Bolton Wanderers sports science boss rolls up sleeves to donate blood
BOLTON Wanderers are hailing the success of new monthly blood donor sessions at the Reebok after a big upsurge in people who have rolled up their sleeves to help save lives.
Since February, more than 1,500 people have registered at the Reebok Stadium in a new venture launched by the National Blood Service and the Bolton Wanderers Community Trust.
Bringing sessions together under one roof, as opposed to smaller satellite venues, has seen a marked increase in donors.
And among them was Wanderers’ head of sports science Mark Leather, who is encouraged the club has got involved with a subject in which he has more than a passing interest.
“I’m really pleased to hear the number of donors has gone up since the club got involved as a venue. It’s great news,” he said.
“I think it represents what the club is about.
“It is very much part of the community and I can’t think of anything more community-minded than giving blood to help others.”
Leather has seen first-hand the importance of giving blood both on and off the pitch.
“When I was working at Liverpool Football Club my middle son suffered from meningitis and he needed blood transfusions in the intensive care unit,” he said.
“We feared the worst and we owe a lot to the people at Alder Hey for seeing him through.
“Things like that really bring it home just how vital this kind of thing really is.”
Leather — a lifelong Wanderers fan — is now back at his boyhood club for a second time but has extensive experience working at clubs up and down the Football League, in rugby league and at the Commonwealth Games in 1986.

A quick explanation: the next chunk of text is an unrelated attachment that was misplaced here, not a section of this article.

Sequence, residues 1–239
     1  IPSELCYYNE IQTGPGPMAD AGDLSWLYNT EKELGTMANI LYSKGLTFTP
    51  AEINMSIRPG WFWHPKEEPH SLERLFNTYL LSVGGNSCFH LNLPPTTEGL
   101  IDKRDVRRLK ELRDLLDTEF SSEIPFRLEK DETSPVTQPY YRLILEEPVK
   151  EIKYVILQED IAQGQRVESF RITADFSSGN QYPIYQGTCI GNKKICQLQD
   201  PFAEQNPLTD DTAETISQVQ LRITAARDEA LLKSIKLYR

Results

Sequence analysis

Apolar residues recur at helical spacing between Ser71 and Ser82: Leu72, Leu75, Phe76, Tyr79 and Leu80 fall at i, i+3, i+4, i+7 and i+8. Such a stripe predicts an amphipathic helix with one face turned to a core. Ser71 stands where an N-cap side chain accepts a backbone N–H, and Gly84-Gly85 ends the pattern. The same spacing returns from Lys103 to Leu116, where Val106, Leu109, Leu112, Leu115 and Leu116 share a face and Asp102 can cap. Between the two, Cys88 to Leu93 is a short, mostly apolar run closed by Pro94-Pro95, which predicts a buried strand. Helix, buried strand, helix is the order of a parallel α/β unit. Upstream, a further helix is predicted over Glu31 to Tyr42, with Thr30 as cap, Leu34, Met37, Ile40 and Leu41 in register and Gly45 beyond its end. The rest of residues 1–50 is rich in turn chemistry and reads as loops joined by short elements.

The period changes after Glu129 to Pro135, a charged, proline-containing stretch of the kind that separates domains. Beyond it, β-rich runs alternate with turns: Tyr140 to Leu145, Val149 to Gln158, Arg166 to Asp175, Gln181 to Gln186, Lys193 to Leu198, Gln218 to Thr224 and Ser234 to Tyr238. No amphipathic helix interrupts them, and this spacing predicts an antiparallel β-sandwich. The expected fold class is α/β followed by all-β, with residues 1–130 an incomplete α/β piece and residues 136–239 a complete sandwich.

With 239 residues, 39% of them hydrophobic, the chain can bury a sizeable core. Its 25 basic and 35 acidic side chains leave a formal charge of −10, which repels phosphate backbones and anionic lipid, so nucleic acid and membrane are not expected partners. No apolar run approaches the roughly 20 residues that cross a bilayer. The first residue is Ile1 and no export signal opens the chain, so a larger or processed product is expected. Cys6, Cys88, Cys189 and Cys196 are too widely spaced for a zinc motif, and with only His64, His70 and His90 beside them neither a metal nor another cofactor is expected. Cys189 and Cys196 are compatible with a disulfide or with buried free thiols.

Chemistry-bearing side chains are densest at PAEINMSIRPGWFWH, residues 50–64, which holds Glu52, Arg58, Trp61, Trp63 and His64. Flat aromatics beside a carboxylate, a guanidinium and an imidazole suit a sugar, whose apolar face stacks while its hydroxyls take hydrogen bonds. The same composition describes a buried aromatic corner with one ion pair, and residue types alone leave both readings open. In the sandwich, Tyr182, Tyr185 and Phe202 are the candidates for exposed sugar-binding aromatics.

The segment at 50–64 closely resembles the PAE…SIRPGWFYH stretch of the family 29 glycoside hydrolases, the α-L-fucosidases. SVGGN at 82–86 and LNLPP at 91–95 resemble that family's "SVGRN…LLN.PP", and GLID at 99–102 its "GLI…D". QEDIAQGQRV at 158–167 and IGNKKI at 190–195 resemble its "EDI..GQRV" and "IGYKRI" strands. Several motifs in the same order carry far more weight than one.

And it was whilst working with Brighton Football Club nearly 25 years ago that Leather witnessed another life saved by blood donors.
“When I worked with Brighton many years ago a goalkeeper had come out to dive at one player’s feet and the guy kicked him in his lower stomach,” he recalled.
“A couple of minutes later I was called on to the pitch because the goalkeeper was passing blood.
“He had ruptured an artery and was bleeding severely.
“He was rushed to hospital and spent eight weeks receiving blood transfusions but they couldn’t stem the bleeding despite surgery. It took two or three attempts to do that.
“In the end he had been given 20 to 30 pints of blood, which is incredible for any football injury.
“It would not have been possible to do that for him if people in that community had not stepped forward to help at that time.”
The next three meetings will be held in the Platinum Suite on Friday, November 8, Thursday, November 14, and Monday, December 9.
For more information or to book an appointment at the Reebok, call 0300 1232323 or go to blood.co.uk.
Anyone wanting to donate for the first time should be aged between 17 and 65, weighing at least 50kg (seven stone 12lbs) and in general good health. There is no age limit for existing donors.
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